Implementing energy subsidy reforms : an overview of the key issues
Poorly implemented energy subsidies are economically costly to taxpayers and damage the environment. This report describes the emerging lessons that could help policy makers to address implementation challenges, including overcoming political economy and affordability constraints. The analysis provides strong evidence of the success of reforms in reducing the associated fiscal burden. For the selected sample of 20 developing countries, the average energy subsidy recorded in the budget was reduced from 1.8 percent in 2004 to 1.3 percent of gross domestic product in 2010. The reduction of subsidies is particularly remarkable for net energy importers. In spite of the relatively price inelastic demand for gasoline and diesel, fossil fuel consumption in the road sector (per unit of gross domestic product) declined in the 20 countries examined from 53 (44) in 2002 to about 23 kilotonnes oil equivalent per million of gross domestic product in 2008 in the case of gasoline (diesel). The most notable decline in consumption was recorded in the low-income and lower-middle-income countries. This reflects the much higher rate of growth in gross domestic product in this group of countries. And it underlines the opportunities to influence future consumption behavior rather than modifying the existing consumption patterns, overcoming inertia and vested interests. Similar trends are recorded for power consumption. While there is no one-size-fits-all model for subsidy reform, implementation of compensatory social policies and an effective communication strategy, before the changes were introduced, made a difference in securing the successful implementation of reforms.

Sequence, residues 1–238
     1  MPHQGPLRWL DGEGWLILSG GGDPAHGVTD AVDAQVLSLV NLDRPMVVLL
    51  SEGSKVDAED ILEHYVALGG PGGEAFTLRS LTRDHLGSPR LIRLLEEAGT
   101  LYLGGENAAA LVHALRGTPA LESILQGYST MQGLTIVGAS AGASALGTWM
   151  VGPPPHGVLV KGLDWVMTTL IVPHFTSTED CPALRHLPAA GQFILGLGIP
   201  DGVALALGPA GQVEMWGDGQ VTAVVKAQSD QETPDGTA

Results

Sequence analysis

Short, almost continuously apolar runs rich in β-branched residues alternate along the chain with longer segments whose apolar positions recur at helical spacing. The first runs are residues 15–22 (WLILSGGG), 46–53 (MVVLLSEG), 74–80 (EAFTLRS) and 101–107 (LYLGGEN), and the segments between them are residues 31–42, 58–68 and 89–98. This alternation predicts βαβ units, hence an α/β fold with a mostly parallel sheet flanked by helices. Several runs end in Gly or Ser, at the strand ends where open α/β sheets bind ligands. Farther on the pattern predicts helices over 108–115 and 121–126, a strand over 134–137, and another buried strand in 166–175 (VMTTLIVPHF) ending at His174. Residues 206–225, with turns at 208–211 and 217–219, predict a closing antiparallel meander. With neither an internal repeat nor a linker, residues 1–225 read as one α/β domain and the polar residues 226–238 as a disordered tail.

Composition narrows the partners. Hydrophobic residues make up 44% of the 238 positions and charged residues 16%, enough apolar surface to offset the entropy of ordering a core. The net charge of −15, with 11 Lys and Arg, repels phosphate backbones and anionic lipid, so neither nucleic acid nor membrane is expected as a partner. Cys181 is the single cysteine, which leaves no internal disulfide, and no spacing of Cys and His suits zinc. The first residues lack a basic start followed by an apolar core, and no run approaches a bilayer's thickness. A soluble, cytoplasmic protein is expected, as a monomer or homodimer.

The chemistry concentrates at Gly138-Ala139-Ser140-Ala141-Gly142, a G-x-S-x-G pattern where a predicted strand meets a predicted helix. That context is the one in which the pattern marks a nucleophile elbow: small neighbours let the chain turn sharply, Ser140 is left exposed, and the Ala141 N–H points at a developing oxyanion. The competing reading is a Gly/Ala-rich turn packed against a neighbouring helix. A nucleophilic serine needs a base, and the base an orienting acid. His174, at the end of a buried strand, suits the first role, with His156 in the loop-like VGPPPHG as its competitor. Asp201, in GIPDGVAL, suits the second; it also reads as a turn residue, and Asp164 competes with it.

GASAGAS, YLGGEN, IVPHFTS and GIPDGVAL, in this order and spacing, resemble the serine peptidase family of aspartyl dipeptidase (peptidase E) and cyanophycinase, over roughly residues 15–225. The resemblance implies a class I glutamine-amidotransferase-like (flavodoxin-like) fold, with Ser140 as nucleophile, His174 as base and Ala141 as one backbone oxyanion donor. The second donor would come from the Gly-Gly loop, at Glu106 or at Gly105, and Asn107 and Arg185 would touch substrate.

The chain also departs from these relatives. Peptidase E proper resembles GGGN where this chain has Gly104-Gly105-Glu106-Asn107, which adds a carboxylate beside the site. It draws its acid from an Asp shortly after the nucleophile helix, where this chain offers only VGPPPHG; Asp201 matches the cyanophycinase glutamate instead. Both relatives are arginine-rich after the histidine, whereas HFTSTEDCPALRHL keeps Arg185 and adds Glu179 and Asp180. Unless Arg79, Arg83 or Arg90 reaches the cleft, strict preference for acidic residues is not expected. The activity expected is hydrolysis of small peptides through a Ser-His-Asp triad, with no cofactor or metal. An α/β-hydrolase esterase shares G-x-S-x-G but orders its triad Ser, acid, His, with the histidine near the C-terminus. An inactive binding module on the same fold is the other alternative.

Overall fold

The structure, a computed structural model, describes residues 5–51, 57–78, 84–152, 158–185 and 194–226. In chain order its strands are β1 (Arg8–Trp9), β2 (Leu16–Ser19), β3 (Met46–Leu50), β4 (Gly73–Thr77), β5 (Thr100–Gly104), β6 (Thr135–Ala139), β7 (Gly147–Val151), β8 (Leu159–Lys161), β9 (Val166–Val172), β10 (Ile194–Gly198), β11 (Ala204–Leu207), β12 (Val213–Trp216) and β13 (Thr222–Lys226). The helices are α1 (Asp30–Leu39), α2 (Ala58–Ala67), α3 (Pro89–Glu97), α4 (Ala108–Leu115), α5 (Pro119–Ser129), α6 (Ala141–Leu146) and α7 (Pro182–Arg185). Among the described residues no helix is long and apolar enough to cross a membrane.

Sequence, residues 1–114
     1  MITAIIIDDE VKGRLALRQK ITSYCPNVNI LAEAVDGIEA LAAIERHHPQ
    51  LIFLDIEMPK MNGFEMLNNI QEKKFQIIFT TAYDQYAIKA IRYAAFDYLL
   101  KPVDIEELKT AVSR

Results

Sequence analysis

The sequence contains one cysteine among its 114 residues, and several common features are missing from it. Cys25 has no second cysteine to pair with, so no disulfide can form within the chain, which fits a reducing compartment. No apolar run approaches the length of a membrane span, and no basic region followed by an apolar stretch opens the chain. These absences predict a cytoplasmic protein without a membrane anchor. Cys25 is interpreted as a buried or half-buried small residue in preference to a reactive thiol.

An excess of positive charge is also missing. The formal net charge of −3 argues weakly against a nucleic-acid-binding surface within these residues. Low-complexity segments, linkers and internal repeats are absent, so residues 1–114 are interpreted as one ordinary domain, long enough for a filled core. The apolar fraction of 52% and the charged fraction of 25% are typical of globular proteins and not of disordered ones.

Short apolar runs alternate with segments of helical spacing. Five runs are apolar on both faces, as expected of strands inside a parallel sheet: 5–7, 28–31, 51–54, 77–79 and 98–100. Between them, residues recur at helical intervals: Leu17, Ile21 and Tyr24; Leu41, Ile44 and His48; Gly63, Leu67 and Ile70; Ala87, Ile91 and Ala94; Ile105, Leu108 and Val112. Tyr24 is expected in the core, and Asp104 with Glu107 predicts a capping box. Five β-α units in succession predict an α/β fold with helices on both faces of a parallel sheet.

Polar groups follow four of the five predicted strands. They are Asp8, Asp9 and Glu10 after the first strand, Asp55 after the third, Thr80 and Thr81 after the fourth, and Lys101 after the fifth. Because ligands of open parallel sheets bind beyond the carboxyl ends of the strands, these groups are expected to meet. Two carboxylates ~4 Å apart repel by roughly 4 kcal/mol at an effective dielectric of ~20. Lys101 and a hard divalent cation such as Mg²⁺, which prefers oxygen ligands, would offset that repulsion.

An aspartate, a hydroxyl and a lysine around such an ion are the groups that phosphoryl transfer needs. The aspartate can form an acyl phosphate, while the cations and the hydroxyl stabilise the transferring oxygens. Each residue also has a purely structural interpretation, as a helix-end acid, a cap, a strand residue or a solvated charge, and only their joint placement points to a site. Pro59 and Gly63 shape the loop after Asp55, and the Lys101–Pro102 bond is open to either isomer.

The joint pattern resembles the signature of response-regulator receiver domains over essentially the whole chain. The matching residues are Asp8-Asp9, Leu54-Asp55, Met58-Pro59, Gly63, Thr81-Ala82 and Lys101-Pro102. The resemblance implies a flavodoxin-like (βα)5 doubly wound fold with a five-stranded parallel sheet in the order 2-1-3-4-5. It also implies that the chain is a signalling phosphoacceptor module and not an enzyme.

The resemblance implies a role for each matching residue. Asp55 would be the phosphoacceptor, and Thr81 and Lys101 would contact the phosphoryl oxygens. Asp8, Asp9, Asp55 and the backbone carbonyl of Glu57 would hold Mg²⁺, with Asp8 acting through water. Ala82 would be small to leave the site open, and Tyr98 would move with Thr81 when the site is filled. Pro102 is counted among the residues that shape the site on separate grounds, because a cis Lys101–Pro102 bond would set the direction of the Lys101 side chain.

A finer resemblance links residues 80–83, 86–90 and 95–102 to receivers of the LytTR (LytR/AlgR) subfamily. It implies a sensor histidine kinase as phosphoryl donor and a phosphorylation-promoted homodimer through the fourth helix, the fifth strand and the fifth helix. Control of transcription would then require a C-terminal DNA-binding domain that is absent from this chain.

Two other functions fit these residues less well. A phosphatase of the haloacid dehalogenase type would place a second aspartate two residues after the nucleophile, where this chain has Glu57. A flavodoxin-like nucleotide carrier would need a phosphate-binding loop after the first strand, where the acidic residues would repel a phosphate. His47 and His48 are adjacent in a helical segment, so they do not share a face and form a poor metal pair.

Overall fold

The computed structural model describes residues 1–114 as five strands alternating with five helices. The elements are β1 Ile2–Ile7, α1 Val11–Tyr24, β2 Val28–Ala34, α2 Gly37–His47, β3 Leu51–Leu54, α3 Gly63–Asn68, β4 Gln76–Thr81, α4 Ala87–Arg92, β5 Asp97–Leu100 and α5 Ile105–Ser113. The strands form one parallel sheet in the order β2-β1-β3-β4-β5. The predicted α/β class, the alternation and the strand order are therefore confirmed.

|Date of creation:||01 Jul 2012|
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"The Unequal Benefits of Fuel Subsidies: A Review of Evidence for Developing Countries,"
IMF Working Papers
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